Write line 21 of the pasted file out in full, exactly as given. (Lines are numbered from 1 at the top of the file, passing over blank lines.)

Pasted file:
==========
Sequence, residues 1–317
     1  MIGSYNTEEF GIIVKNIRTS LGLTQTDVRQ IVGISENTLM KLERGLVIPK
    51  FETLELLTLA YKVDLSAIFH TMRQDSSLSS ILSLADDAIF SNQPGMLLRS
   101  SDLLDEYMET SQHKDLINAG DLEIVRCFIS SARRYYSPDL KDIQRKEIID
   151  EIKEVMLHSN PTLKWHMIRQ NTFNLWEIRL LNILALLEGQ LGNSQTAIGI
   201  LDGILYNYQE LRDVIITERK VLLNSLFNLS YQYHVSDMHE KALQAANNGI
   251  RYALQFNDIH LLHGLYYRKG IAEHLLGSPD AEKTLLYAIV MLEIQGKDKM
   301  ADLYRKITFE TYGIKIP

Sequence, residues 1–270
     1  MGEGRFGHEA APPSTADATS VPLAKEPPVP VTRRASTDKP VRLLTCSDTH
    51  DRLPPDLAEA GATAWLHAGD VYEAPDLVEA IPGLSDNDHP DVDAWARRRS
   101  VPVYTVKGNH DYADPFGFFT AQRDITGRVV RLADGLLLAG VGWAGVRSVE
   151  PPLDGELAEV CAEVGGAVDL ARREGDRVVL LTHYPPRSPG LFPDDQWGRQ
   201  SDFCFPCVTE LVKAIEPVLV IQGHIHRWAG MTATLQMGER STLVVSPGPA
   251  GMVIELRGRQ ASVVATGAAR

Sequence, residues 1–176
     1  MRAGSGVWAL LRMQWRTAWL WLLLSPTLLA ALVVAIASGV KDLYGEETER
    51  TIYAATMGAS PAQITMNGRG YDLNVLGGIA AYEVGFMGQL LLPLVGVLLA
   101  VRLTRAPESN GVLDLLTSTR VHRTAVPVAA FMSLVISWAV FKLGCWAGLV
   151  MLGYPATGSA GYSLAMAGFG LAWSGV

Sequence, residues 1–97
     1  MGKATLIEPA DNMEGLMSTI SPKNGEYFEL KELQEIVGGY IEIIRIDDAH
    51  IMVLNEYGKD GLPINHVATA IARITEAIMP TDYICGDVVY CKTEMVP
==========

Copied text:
Sequence, residues 1–97